Wednesday, July 30, 2008


You know how when you encounter a situation suddenly, the first words that pop into your head are the truest ones? Last week I went to visit my parents' grave site. I had only been there twice since my mother passed away back in January--quite a different rate of visitation than with my father, who I visited frequently and even obsessively for the first couple of years after he died, sixteen years ago.

Thinking to rectify the numbers imbalance, I drove to the cemetery, got out of the car, ambled down the hillside to their resting place, looked at the plaque holding both of their names and thought, "Well, that was exhausting."

And that is the truth of it. My parents, both good people, were, um, complicated. Light and dark mixed together, along with a shot of bourbon. I loved them dearly, and miss them, but living with them--knowing them for years and years and years--was an exhausting experience. Now I can laugh about it, because at this point that is a rather happy way for me to think about my family experience growing up.

They both had an excellent sense of humor--my father with his dry wit, my mother with her goofy, cartoon sense of the comic--and I hope, if they still exist on some plane or other, that they are looking down at me and are greatly amused. I am. Shared laughter was an excellent family trait, one I am proud of.

It comes in handy, too, from time to time, as a good weapon against the dark.

Wednesday, July 16, 2008

What Are You Talking About?

I have been feeling remorseful, thinking that perhaps I was too glib about Thomas Disch's death in my last post. The whole, "Life is hard, and I sympathize," thing. There might, occasionally, be practical reasons for suicide, but despair isn't one of them. Apologies to Mr. Disch, then, from Ms. Johnson, for speaking so smoothly about something so rough.

I was thinking earlier today about denial. About how pleasant it can be. Say, for instance, that the economy is tanking. Someone really good at denial would say, "What are you talking about?" Actually, someone really, really good at denial wouldn't even say that. Someone really, really good at denial would be so entirely oblivious that they wouldn't even know there is an economy. Much satisfaction, there.

There are many other things to be in cozy denial about, of course. Large issues, like environmental collapse. Small issues (much more fun) such as my writing. I can pretend myself in and out of success or failure in a second, depending on my mood. I think this is might be an asset.

Another example. I have seen the Rug several times now, on my early morning walks, and I remain fully convinced that he can talk. Other people would probably say dogs can't talk, but, you see, denial allows me to discard that bit of nonsense.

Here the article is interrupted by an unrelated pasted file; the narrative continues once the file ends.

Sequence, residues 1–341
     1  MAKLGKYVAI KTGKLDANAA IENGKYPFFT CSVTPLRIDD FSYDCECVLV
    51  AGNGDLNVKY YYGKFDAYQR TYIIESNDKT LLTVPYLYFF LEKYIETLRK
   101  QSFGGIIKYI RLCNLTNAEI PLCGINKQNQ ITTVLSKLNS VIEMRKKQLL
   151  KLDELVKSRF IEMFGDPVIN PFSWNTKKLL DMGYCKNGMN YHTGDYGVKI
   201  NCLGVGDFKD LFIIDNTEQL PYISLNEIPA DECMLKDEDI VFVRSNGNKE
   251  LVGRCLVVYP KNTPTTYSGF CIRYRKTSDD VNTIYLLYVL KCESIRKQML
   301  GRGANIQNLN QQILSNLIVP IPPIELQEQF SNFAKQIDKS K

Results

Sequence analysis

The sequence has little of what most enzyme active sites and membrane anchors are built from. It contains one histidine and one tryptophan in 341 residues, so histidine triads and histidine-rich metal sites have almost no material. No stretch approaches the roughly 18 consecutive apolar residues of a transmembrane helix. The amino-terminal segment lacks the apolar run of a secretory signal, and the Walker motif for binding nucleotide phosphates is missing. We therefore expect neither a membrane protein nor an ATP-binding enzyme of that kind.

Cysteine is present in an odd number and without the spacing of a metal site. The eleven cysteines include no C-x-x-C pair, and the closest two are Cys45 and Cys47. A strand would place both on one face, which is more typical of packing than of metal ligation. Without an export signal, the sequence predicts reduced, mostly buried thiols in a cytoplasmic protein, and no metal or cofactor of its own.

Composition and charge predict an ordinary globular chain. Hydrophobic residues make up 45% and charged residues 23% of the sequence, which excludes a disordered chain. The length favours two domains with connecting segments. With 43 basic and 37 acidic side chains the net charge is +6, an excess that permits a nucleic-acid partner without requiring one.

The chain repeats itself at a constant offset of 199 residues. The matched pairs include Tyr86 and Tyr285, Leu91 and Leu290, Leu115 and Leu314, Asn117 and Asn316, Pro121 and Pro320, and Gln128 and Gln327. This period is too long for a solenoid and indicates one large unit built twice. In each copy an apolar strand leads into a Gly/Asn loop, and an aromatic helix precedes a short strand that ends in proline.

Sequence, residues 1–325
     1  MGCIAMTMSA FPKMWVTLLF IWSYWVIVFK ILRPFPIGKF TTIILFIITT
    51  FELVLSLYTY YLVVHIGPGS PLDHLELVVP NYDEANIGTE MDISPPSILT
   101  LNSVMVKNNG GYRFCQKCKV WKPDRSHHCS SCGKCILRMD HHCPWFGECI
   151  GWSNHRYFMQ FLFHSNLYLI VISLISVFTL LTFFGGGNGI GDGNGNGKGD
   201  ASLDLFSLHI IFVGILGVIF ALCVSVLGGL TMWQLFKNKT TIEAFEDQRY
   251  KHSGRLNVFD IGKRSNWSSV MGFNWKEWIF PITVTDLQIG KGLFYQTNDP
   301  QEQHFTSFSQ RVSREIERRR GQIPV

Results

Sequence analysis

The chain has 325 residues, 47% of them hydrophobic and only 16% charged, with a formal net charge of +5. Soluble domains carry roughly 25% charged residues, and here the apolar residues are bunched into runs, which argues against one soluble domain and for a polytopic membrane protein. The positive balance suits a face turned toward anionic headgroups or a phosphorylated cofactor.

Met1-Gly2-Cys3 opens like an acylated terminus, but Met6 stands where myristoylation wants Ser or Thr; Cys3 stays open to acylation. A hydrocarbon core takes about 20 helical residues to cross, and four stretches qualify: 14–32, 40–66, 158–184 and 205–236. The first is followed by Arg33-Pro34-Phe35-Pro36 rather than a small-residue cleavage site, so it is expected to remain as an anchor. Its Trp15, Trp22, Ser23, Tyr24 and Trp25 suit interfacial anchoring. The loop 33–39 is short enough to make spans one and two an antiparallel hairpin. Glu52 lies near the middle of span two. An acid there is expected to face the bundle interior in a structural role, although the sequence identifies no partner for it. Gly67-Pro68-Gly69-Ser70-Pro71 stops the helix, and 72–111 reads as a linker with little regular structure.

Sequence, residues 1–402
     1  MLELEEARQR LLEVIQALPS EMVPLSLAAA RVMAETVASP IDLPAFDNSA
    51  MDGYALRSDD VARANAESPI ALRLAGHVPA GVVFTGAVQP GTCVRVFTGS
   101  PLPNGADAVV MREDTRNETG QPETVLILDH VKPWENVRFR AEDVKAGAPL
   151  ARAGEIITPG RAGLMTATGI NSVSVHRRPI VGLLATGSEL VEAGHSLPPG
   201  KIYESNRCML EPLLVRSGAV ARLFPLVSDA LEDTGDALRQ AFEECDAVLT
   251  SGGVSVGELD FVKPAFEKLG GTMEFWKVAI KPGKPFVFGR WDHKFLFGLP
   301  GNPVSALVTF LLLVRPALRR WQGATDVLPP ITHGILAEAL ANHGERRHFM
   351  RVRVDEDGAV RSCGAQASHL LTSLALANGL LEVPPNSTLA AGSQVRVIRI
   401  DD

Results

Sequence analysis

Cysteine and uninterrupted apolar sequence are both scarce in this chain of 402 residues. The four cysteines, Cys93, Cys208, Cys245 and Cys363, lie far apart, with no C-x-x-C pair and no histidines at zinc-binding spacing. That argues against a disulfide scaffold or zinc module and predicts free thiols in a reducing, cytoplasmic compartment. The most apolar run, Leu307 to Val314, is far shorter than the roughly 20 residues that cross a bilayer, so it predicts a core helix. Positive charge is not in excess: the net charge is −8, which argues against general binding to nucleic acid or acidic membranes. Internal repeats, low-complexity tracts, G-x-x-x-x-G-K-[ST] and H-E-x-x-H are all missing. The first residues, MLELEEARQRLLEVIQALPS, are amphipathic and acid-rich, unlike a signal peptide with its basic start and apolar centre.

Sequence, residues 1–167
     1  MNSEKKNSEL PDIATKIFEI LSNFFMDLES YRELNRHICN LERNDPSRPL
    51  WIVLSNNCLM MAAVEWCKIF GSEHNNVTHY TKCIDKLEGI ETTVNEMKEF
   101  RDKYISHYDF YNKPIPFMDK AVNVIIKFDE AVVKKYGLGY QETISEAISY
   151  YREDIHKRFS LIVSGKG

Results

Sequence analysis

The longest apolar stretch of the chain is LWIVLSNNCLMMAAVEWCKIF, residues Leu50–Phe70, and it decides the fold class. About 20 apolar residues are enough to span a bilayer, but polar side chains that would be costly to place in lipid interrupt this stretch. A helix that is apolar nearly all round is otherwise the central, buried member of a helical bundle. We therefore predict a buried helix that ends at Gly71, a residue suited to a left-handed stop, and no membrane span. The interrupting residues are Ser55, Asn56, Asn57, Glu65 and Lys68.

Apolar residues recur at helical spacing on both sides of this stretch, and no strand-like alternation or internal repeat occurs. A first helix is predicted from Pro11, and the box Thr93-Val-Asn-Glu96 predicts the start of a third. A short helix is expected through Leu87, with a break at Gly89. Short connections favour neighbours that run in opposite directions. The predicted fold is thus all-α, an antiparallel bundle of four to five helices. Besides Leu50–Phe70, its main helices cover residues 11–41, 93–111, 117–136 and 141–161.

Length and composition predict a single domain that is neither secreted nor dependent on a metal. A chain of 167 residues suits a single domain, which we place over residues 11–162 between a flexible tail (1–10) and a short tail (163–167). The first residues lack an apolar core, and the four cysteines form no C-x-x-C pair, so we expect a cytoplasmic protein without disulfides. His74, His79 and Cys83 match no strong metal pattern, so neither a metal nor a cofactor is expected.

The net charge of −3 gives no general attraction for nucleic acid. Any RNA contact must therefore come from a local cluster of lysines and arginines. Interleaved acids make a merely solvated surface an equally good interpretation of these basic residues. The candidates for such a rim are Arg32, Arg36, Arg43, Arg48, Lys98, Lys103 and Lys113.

The Rug would talk to me, I am certain. Not out loud with other people around--not even his own person. But if we were able to spend a few private moments together, for sure he'd do more than bark. He'd tell me about life lived close to the ground, about mud and grass and fur wet with rain, about the sweet, delicious scent of doggie-donuts left behind by other dogs. I would listen. I'd wrinkle my nose, perhaps, and try not to imagine things too hard, but I would listen. We'd be friends. To hell with the economy.

Thursday, July 10, 2008

There and Back Again

It's been so long since I posted it took me three times to remember my sign-in and get it right. I didn't realize I'd been gone that long.

Drifting. Disbelief in myself as a writer. Exhaustion. Depression. The usual culprits. But hello, Kathleen, you've got an audience here! Well, maybe. It's a nice fantasy.

I have taken heart, though, from Thomas Disch. I knew his name but not his work (have not yet read his children's book, The Brave Little Toaster, though his adult SF titles sound good, too.) I checked out his blog, once I learned of his death by suicide a week ago. I found a writer even older than myself, also engaged, among other things, with a gruff effort to both understand and participate in the world. I am sorry he lost his fight, but I sympathize. Life is hard and gets harder.

It made me think though that maybe it is okay to be an old(ish) writer, gruff and full of barnacles and wood rot and embarrassing, unexplainable fears of travel, with a terrible croaky voice and way less hair than I used to have. Age happens. But the heart of a writer happens, too, and does not seem to stop with the disintegration of flesh (disintegration of the mind is possibly another matter. I saw my mother's attempts at painting as her Alzheimer's moved in, and it quickly deteriorated. But what was in her heart? Sadly, I lost that, too.)

I still want to be a writer, though, so I guess I will just have to be an old writer. Not much choice, is there?

RIP, Thomas Disch. And to me, you go, girl!